However, that account leaves out a significant aspect of her defense strategy -- attempting to impugn the credibility of the victim, according to a Newsday examination of court and investigative files and interviews with witnesses, law enforcement officials and the victim.

Rodham, records show, questioned the sixth grader's honesty and claimed she had made false accusations in the past. She implied that the girl often fantasized and sought out "older men" like Taylor, according to a July 1975 affidavit signed "Hillary D. Rodham" in compact cursive.

Echoing legal experts, Clinton spokesman Howard Wolfson says the senator would have been committing professional misconduct if she hadn't given Taylor the best defense possible.

"As she wrote in her book, Living History, Senator Clinton was appointed by the Circuit Court of Washington County, Arkansas to represent Mr. Taylor in this matter," he said. "As an attorney and an officer of the court, she had an ethical and legal obligation to defend him to the fullest extent of the law. To act otherwise would have constituted a breach of her professional responsibilities."

Rodham's Tactics Seen As an Aggressive Defense

Rodham, legal and child welfare experts say, did nothing unethical by attacking the child's credibility -- although they consider her defense of Taylor to be aggressive.

"She was vigorously advocating for her client. What she did was appropriate," said Andrew Schepard, director of the Hofstra University Law School's Center for Children, Families and the Law. "He was lucky to have her as a lawyer ... In terms of what's good for the little girl? It would have been hell on the victim. But that wasn't Hillary's problem."

The victim, now 46, told Newsday that she was raped by Taylor, denied that she wanted any relationship with him and blamed him for contributing to three decades of severe depression and other personal problems.

"It's not true, I never sought out older men -- I was raped," the woman said in an interview in the fall. Newsday is withholding her name as the victim of a sex crime.

With all the anguish she'd felt over the case in the years since, there was one thing she never realized -- that the lawyer for the man she reviles was none other than Hillary Rodham Clinton.

"I have to understand that she was representing Taylor," she said when interviewed in prison last fall. "I'm sure Hillary was just doing her job."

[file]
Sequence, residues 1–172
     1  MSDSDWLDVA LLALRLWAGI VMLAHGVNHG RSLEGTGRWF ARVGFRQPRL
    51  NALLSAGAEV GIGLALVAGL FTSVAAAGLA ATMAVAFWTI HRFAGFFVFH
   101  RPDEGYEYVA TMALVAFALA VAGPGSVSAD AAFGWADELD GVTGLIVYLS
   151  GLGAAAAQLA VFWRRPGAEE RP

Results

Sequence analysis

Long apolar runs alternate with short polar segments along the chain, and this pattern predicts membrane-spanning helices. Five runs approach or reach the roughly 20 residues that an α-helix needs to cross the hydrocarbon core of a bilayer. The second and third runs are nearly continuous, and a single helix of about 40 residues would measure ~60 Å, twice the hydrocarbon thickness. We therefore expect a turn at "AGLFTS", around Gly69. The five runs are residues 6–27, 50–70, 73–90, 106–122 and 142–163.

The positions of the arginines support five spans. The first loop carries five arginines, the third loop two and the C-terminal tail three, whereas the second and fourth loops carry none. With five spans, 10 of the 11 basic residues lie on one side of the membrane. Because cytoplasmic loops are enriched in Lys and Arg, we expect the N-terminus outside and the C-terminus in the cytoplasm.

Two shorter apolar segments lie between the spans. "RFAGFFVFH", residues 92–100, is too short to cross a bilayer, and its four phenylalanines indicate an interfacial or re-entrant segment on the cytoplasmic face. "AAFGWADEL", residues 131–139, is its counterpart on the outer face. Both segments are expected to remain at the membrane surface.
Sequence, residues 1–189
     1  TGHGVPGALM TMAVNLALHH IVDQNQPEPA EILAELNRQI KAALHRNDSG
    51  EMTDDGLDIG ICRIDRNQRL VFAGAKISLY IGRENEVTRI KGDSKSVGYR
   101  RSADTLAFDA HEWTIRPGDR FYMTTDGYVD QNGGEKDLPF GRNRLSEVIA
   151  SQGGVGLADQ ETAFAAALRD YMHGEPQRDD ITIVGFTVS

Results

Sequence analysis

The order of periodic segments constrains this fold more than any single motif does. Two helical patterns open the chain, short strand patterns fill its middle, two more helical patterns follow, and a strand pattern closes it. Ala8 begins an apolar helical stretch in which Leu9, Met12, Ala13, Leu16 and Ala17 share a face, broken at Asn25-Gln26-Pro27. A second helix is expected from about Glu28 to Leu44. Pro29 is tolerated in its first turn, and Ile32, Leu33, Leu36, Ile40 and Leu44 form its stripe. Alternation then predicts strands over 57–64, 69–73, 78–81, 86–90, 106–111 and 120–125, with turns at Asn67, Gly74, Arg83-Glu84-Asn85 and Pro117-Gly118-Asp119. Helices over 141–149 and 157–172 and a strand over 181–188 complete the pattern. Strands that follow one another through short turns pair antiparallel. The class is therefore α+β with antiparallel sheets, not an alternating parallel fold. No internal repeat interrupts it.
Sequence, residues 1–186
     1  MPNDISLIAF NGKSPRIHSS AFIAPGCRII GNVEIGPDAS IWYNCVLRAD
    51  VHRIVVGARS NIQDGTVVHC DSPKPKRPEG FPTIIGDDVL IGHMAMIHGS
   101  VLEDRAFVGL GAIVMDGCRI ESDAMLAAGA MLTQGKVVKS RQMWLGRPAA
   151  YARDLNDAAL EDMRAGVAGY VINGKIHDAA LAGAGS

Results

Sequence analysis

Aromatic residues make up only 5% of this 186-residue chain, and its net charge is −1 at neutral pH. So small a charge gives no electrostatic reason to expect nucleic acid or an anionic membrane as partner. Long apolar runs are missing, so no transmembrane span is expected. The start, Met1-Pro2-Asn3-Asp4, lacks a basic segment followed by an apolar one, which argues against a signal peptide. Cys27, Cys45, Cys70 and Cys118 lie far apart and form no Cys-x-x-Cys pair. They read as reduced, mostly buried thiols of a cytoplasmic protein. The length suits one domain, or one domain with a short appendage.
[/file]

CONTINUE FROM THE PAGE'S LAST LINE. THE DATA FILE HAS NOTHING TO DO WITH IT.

In late 1974, Rodham arrived in Fayetteville, Ark., after working for nearly a year on the legal staff of the House committee investigating Watergate. Her friends thought she was throwing away a promising big-city career, but she was intent on helping her then-fiance Bill Clinton get elected to Congress that year and was intrigued by her new job running the university's nascent legal-aid clinic.

She viewed Fayetteville, a pleasantly provincial college town dominated by Razorbacks football, as a layover, she told friends at the time. Bill would be elected to Congress, she reasoned, and she would move back to Washington to work with her mentor, Marian Wright Edelman, on children's causes.

Her life, as would so often happen through the years, diverged from the script. Before the clinic was up and running, Rodham was forced to wage a protracted battle with a local judge named Tom Butt to grant students permission to represent poor clients. Next, Bill Clinton lost his congressional race, effectively stranding her in Arkansas while he plotted a run for attorney general. Then came the agonizing Taylor case.

Hillary 'Was Just a Real Bulldog,' Ex-Prosecutor Says

Rodham immersed herself in the work, people involved in the case say, mounting a ferocious and exhaustively researched defense that made a strong impression on some in the male-dominated legal community in northern Arkansas.

"She was just a real bulldog - a real bulldog," said former Washington County prosecutor Mahlon Gibson, her opponent in the case.

Susan Carroll, senior scholar at the Center for American Women and Politics at Rutgers University, says Clinton's attitude toward her work in Arkansas foreshadowed the workaholic approach she's adopted today in her uphill battle against Barack Obama.